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In the wrong hands, or in the wrong dosage, pills can poison us just like cleaners or pesticides. And the same rules apply:
  • Read the label first.
    • Follow all label instructions and warnings.
    • Know where to call for help. Keep the phone number for the Minnesota Poison Control System next to your phone. It serves all of Minnesota and can be reached at 1-800-222-1222, 24 hours a day, seven days a week. (This number has also been adopted by poison control systems nationwide.) Have your doctor's phone number handy as well.
    • For animal poisonings, call your vet or the Animal Poison Hotline at 855-764-7661. (A $49 incident fee applies)
    • Store medicines out of the reach of children, and keep them in their original containers.

  • Also keep the following in mind:
    • Medicines act differently on different people. Never take drugs prescribed for a friend or relative, even if your symptoms seem the same.
    • Keep track of whether a drug should be taken with or without food.
    • Always leave the light on when giving or taking medicines.
    • Don't leave multiple doses lying out on the counter.
    • When your doctor prescribes a new drug, make sure he or she knows about all the other medicines you are currently taking, including those prescribed by another doctor, over-the-counter medications, herbal supplements and multi-vitamins. Drug interactions can produce side effects or even make some medicines less effective. Vitamins, laxatives, cold remedies, antacids, and alcohol can also lead to serious problems if used too often or in combination with certain drugs.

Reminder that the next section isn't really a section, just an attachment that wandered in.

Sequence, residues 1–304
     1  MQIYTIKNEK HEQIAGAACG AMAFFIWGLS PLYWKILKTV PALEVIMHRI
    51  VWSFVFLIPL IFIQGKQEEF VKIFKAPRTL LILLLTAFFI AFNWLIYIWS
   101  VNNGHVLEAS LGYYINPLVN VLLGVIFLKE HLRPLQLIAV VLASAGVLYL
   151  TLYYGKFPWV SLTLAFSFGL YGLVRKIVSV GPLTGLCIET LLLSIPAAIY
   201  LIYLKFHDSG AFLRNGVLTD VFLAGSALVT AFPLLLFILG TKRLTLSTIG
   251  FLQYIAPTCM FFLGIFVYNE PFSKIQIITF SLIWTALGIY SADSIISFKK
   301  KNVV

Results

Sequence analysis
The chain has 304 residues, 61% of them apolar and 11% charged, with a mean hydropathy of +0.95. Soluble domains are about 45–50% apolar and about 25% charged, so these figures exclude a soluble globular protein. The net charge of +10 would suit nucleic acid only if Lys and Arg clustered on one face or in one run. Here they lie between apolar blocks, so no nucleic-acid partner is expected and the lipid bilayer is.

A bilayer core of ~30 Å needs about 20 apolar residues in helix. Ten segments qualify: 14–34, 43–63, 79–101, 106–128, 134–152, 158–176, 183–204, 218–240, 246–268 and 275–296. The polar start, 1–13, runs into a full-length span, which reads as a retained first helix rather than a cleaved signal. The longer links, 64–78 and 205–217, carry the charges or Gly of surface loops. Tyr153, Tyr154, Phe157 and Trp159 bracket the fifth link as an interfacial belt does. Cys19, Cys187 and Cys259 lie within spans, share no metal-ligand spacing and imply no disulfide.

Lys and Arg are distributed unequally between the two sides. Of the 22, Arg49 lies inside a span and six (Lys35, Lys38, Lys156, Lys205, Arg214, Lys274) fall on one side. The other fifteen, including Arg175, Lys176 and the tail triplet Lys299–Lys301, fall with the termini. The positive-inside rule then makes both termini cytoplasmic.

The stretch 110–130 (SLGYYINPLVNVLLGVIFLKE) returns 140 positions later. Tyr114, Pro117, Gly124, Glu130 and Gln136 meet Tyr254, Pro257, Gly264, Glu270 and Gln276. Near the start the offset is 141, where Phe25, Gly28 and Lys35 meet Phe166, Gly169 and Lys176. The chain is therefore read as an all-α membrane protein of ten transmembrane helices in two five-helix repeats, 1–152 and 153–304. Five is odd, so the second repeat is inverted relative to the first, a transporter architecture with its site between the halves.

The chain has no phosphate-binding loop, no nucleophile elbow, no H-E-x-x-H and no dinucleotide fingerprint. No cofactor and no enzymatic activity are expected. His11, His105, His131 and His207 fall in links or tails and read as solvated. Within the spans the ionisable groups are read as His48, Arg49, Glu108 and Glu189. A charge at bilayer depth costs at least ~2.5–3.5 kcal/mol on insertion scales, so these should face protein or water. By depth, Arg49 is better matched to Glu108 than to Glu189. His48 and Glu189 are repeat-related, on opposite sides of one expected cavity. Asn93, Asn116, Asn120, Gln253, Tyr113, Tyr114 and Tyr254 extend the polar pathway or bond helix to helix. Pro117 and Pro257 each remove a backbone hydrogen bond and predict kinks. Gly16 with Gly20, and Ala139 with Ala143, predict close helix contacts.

• Never refer to medicine as candy to get children to take it. Avoid taking medicines in front of children, since kids like to "play grown-up." Don't play doctor; children aren't small adults, so don't estimate a dose based on size. By the same token, don't double a dose because your child seems sicker than last time. Before you give your child two medicines at the same time - over the counter OR prescription - talk to your pediatrician or pharmacist. And don't let children take medicine by themselves.
    • Clean out your medicine cabinet and throw away old medicines. They can lose their potency over time, but can still cause harm to someone who shouldn't take them.
    • Keep reading. Drug labels change as new information becomes available.



Acknowledgments:
Minnesota Pharmacists' Association
National Institute on Aging